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Two early morel mushrooms, with more to come in the next few weeks.

It is time for Missouri's favorite mushroom as people are starting to find gold morels in the woods and fields where they pop up each April. The reasons they are the favorite mushrooms are many, including that they are delicious to eat, easy to identify, can be found for several weeks in April and early May and can be found locally.

As is the case with most fungi, the morel you find is the fruiting body of an organism having a complicated life cycle. It is not like a plant with roots, so it cannot be expected to grow like one. The fruiting body must mature and release spores to complete its life cycle. Size is the least dependable trait to identify. Morels almost always increase in size as they age, but their growth depends on the moisture, temperature and fertility of the soil.

April is usually the peak of the morel season in south Missouri, but there is no accurate way to predict the start or end of the season. The exact length depends on the weather. Hot, dry weather quickly ends the season, while cool, moist weather can prolong the season into May. A couple of years ago I found my last morel on May 10.

In years when soil temperatures warm slowly, the first morels are late, scattered and slow to develop. Should you start the hunt with black morels and end with late morels, you can extend your season to a month or more. For example, I usually find the black morels the last week of March and continue hunting until I find the last mushroom, sometimes as late as mid-May.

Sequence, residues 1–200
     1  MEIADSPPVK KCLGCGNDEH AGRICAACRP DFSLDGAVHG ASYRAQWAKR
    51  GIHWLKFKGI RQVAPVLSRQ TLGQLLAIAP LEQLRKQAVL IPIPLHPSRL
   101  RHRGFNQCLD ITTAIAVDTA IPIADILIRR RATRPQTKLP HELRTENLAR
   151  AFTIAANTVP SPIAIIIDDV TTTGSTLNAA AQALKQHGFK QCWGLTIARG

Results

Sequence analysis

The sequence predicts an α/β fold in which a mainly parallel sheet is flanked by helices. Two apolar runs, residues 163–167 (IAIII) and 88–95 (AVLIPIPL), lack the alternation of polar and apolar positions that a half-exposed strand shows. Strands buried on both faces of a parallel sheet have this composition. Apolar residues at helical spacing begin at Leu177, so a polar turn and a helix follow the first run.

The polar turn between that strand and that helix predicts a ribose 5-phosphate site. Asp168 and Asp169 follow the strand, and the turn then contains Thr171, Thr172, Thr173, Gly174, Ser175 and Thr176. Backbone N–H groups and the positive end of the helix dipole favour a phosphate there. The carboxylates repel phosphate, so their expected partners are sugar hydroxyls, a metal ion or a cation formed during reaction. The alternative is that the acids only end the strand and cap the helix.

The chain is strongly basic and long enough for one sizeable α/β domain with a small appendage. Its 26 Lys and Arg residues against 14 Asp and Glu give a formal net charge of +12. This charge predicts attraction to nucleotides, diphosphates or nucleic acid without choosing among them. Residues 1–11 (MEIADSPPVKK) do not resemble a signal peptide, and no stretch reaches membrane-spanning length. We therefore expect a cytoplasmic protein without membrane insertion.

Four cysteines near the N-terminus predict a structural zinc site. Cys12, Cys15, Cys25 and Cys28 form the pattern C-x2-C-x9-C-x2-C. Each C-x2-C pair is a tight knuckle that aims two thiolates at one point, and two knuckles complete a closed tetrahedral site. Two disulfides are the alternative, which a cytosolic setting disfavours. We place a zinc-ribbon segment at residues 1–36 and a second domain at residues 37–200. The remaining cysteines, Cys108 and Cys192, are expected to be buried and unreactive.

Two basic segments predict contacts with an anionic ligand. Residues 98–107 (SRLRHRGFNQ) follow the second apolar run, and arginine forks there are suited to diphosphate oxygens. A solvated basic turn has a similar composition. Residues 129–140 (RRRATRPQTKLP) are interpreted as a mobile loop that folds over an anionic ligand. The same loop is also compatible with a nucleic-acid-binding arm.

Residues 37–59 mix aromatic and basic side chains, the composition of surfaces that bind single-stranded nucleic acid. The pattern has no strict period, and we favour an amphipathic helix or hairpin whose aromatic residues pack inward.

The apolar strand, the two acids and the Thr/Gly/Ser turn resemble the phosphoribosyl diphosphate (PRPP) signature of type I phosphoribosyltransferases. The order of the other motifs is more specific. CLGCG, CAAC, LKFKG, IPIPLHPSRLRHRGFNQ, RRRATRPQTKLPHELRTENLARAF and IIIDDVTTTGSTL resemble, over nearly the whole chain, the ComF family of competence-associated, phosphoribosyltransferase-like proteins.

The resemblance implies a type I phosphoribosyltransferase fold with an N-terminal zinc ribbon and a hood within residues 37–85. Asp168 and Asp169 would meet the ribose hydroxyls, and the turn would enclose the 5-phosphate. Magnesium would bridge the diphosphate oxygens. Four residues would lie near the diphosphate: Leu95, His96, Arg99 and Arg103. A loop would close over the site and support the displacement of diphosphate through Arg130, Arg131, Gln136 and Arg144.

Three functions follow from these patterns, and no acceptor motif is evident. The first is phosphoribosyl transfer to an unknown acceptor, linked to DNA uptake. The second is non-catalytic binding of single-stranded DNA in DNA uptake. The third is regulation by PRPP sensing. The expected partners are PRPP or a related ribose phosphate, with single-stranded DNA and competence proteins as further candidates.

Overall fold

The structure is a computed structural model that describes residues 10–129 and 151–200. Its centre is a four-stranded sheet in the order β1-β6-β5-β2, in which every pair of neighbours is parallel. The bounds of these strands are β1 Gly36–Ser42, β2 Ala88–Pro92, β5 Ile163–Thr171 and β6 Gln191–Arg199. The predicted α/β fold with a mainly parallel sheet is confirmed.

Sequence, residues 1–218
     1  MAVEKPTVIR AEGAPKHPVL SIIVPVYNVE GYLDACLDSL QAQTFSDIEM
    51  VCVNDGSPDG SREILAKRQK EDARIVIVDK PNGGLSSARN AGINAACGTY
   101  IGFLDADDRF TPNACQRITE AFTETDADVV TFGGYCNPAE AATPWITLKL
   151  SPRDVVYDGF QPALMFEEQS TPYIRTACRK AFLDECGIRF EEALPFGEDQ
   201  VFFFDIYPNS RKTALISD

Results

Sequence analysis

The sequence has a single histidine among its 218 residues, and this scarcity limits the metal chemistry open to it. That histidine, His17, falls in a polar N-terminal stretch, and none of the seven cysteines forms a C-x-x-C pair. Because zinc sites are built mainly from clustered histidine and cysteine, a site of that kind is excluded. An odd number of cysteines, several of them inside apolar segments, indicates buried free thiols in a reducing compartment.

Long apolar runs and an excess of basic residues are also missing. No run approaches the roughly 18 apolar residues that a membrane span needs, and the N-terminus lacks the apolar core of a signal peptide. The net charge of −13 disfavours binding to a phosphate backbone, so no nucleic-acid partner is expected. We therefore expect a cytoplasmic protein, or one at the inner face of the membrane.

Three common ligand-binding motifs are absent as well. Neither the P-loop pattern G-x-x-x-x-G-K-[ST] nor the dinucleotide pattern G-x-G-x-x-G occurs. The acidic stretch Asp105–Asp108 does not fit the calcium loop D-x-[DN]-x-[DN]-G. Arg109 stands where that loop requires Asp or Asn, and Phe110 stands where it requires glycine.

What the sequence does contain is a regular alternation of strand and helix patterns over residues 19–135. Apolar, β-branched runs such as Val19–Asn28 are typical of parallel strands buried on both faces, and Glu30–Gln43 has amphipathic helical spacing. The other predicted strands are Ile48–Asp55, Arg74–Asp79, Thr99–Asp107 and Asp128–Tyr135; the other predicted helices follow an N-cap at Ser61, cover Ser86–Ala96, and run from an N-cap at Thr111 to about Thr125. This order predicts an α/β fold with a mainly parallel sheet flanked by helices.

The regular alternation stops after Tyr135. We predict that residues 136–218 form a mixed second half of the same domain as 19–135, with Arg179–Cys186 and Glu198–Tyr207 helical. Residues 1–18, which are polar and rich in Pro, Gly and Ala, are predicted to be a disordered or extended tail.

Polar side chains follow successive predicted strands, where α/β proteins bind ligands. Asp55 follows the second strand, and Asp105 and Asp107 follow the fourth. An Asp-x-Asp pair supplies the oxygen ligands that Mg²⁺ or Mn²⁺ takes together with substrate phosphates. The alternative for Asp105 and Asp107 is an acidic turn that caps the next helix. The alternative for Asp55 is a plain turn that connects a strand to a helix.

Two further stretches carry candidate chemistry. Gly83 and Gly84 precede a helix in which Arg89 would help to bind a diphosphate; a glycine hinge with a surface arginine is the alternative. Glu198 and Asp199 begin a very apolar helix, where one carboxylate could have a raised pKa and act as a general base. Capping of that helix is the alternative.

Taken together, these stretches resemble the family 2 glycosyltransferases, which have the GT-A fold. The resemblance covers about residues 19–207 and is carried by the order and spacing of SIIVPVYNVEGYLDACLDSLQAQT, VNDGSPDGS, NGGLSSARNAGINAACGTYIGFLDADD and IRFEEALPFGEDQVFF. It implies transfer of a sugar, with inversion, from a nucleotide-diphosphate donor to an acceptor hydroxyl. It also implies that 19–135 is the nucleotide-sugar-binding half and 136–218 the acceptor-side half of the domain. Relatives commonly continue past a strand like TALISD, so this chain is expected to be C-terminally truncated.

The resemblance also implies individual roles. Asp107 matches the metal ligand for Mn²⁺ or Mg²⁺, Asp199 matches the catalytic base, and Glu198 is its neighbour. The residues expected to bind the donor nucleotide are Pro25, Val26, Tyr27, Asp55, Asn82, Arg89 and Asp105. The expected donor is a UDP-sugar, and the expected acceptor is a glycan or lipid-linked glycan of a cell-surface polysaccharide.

As for location, if you rushed ahead to find the secret spots, you may be out of luck. Morels are less predictable than most wild things and their habits are maddening. They often grow where they shouldn't, and they don't grow where they should. You must enjoy the looking as much as the picking, or you will not last long as a morel hunter.

Sadly, a very high percentage of the state's woods and fields contain no morels at all. Many areas that look exactly like spots where you might have had success before may not hold a single mushroom. It is easy to blame your eyesight or arriving too late or too early. Exploring new ground still is fun and often the only option, but recognize it is a long shot. Try to find a forest where you know morels have been found before.

Veteran morel hunters say this season should be a good one because of all the moisture in the ground and with a few warm days and nights those tasty fungi should be popping. I, for one, hope so. Good hunting.

Meanwhile, a fishing trip last Saturday furnished a surprise. While fishing out of Mutton Creek Marina along with Will Wheelock, Springfield, I hooked a crappie, but as I was pulling it in, a big largemouth bass hit the 11 inch crappie and got it stuck in its mouth. Wheelock grabbed his net and scoped up the fish. The bass weighed 6 pounds and along with the crappie, I had two for one catch in the net. To add to the fish story, I managed to catch a limit of 15 big crappie, two bluegill, a three pound walleye and the big bass. It turned out to be a very good fishing trip the day before Easter.

White, a Stockton resident, has a versatile background in sports as a participant and journalist and. His column appears weekly.

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